In some countries (Germany and Holland for example) you can collect empty bottles in parks and from trash cans (or anywhere else you can find them) and bring them to the shop or supermarket where they give you money for these. In Germany (where they call empty bottles "pfandflaschen") all the beer bottles cost 8 (euro)cent, plastic bottles and cans can be 15 or 25 cent. In Holland one empty beer bottle costs 10 cents and big plastic bottles 25 cents. To find bottles try going inside the supermarkets and next to the bottle return machine there is a trash can normally. This very often contains bottles that cannot be exchanged at that supermarket but at other ones. This works well between Lidl, Aldi, Albert Heijn and Dirk.
In Scotland, ginger (soft drink) bottles from a company called Barrs come in glass bottles. These glass bottles can be returned to local shops for 30p.
In Belgium, must of the beer glass bottles (like the Chimay) can be returned. It is like 10cents/bottles.
In Germany they sometimes have Beer Festivals. You can very often find many beer glasses and jugs there - and for returning one beer glass you get 2 euros. On big rockfestivals with camp, like "Wacken" hard glass beerbottles are forbidden, so the people have to buy beer in cans. These cans (with 25 ct Pfand) there overall, and if you collect the cans, you can have 50 maybe 100€ in a hour.
In the U.S. Only a few states have bottle return laws, but if you are in one of those you can money for some types of discarded drink containers. This website shows how much deposit you can get back in each state that has a deposit law.
In countries like Germany, France and Spain (as well as many others), you can find some electronics, fix these (if you are able), and sell these in the flea market. Or anything else which you think you can sell.
In Spain you can sell some stuff in "Cash Converters", one second-hand shop chain.
Use Internet notice boards to sell dumpster dived and/or repaired stuff. In the U.S., Canada and growing parts of the world you can post free for sale ads of dumpster dived treasures on your local craigslist. Some clothes, furniture or books can be sold if you price them cheap-most people expect a really good deal if they are buying used.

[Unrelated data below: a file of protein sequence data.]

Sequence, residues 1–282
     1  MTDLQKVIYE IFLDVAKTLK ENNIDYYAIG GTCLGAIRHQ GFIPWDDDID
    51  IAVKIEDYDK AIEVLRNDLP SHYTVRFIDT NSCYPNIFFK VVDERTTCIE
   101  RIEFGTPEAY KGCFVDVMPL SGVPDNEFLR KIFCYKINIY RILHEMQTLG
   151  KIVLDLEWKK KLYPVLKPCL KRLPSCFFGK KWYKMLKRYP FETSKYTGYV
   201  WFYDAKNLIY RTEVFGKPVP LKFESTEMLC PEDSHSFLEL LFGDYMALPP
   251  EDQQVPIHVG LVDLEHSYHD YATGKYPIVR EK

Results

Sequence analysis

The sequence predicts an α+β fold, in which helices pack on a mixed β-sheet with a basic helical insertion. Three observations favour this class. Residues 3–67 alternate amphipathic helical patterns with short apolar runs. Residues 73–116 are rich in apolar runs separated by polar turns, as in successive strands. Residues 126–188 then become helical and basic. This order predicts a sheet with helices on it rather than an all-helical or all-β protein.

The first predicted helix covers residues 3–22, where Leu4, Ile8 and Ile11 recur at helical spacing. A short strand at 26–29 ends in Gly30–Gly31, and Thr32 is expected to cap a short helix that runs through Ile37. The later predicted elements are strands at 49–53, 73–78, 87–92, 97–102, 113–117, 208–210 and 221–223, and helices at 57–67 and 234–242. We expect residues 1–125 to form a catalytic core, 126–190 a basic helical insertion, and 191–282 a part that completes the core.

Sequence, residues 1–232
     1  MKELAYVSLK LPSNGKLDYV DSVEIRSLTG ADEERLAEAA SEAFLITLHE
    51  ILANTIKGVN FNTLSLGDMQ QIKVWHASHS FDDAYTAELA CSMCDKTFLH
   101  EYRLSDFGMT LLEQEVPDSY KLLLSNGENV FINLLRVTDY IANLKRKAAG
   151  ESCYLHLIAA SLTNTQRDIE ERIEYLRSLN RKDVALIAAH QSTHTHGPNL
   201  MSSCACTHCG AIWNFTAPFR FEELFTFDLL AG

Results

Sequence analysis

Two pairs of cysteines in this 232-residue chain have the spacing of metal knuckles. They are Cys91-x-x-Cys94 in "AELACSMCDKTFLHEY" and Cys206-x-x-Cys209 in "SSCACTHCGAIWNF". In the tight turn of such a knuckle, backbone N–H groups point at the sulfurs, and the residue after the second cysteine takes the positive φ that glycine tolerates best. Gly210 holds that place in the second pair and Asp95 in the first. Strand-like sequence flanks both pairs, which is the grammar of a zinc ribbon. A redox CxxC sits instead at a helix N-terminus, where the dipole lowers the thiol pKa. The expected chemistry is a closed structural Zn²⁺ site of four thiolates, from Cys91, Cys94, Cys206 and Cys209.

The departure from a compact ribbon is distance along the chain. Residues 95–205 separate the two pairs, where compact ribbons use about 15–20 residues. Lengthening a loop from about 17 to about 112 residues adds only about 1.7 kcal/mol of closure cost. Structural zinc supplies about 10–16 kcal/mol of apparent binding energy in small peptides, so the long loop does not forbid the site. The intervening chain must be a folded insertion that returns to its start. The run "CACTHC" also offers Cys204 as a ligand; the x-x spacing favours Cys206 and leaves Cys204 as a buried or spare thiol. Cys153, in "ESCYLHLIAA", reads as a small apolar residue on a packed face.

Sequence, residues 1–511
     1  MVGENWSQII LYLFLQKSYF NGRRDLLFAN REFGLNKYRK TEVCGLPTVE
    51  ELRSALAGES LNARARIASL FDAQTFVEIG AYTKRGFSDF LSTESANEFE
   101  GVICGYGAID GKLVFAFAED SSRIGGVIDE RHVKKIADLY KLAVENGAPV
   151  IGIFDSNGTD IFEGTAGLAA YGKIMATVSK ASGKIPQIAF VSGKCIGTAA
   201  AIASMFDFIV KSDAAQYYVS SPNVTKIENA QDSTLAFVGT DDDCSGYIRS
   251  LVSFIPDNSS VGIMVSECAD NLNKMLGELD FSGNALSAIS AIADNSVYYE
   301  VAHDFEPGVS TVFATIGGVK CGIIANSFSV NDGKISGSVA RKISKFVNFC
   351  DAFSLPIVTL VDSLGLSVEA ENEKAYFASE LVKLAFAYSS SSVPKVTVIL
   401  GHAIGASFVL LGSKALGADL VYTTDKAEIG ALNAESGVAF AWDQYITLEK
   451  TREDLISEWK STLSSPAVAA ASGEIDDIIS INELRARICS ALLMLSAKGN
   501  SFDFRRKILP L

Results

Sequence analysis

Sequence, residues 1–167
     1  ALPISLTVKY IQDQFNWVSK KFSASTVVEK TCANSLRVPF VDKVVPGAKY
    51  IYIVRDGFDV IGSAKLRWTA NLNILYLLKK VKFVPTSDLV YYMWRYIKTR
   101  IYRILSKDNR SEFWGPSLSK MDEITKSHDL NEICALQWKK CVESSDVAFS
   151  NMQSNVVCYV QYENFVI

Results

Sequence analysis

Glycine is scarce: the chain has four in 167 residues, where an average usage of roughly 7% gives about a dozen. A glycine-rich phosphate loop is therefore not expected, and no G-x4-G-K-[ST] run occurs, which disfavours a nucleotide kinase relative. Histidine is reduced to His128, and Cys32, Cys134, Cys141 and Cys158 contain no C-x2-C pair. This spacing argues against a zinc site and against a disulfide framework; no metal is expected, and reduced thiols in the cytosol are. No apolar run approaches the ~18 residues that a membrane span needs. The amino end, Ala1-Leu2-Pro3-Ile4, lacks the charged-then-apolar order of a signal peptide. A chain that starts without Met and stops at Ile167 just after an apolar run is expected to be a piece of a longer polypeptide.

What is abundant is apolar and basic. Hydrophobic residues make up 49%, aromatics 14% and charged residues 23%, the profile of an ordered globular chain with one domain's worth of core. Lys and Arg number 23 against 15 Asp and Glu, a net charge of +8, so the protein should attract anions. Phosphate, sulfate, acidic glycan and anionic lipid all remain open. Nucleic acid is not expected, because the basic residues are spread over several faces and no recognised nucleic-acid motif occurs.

Actually finding money
It is also possible to find money, of course. On the streets or anywhere.
In Spain you can find coins in telephone booths and even make living with this. Of course you can find coins in telephone booths everywhere where they use coins for calling (Germany, Spain, Portugal, etc.), but in Spain it's somehow easier.
Also you can search for coins from parking machines, in the rejected coins slot.
In the UK many supermarkets have trolleys which require a £1 coin to be slotted in before the trolley can be used. Finding abandoned trollies and returning them allows you to recover the coin from the slot. Wet days are best when people can't be bothered getting soaked when returning the trollies.
Coins are also often found in and around the self service checkouts in supermarkets, where people have dropped small value coins as they put them in the slot.
Selling to antiquarian
If you find some old books, furniture and other really old or rare stuff you can either try to sell it yourself or sell everything to an an antiquary (you will get less money by selling your item to a middle man than if you have sold it yourself, but for that your chances to actually sell something might increase).
In urban areas you can ask people who are leaving the public transport for their tickets, which they don't need anymore. Most often the tickets remain valid for the rest of the day or at least some hours. Those tickets can then be sold under the market value to people who wish to buy one.
Note that many transport companies specifically don't allow reselling used tickets, even if they are still valid.
Some materials bring higher prices. A useful site for learning what types of electronics/electronic components are valuable and where to find them is here. Some printed circuit boards are valuable for their gold and other precious metal content.